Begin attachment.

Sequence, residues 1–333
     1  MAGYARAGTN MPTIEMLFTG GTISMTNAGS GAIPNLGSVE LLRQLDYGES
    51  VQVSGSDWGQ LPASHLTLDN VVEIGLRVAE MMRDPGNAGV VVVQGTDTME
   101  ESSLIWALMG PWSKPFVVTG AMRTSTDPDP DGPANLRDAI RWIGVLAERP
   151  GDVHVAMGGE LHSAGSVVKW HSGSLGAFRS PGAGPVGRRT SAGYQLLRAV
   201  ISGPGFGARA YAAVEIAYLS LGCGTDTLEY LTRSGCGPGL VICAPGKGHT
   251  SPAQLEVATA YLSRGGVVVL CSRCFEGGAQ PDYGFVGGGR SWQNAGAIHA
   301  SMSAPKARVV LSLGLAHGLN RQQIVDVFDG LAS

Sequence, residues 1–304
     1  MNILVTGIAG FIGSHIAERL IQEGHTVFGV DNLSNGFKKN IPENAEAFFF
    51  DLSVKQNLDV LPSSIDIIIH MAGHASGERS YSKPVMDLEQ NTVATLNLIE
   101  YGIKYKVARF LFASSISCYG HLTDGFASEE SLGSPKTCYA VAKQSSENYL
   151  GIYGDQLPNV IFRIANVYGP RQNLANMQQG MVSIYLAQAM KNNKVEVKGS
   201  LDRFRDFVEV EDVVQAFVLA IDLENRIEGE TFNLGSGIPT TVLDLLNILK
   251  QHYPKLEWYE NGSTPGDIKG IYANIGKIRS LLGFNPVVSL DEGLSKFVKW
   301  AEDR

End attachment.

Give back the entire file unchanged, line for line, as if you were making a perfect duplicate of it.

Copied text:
Sequence, residues 1–333
     1  MAGYARAGTN MPTIEMLFTG GTISMTNAGS GAIPNLGSVE LLRQLDYGES
    51  VQVSGSDWGQ LPASHLTLDN VVEIGLRVAE MMRDPGNAGV VVVQGTDTME
   101  ESSLIWALMG PWSKPFVVTG AMRTSTDPDP DGPANLRDAI RWIGVLAERP
   151  GDVHVAMGGE LHSAGSVVKW HSGSLGAFRS PGAGPVGRRT SAGYQLLRAV
   201  ISGPGFGARA YAAVEIAYLS LGCGTDTLEY LTRSGCGPGL VICAPGKGHT
   251  SPAQLEVATA YLSRGGVVVL CSRCFEGGAQ PDYGFVGGGR SWQNAGAIHA
   301  SMSAPKARVV LSLGLAHGLN RQQIVDVFDG LAS

Sequence, residues 1–304
     1  MNILVTGIAG FIGSHIAERL IQEGHTVFGV DNLSNGFKKN IPENAEAFFF
    51  DLSVKQNLDV LPSSIDIIIH MAGHASGERS YSKPVMDLEQ NTVATLNLIE
   101  YGIKYKVARF LFASSISCYG HLTDGFASEE SLGSPKTCYA VAKQSSENYL
   151  GIYGDQLPNV IFRIANVYGP RQNLANMQQG MVSIYLAQAM KNNKVEVKGS
   201  LDRFRDFVEV EDVVQAFVLA IDLENRIEGE TFNLGSGIPT TVLDLLNILK
   251  QHYPKLEWYE NGSTPGDIKG IYANIGKIRS LLGFNPVVSL DEGLSKFVKW
   301  AEDR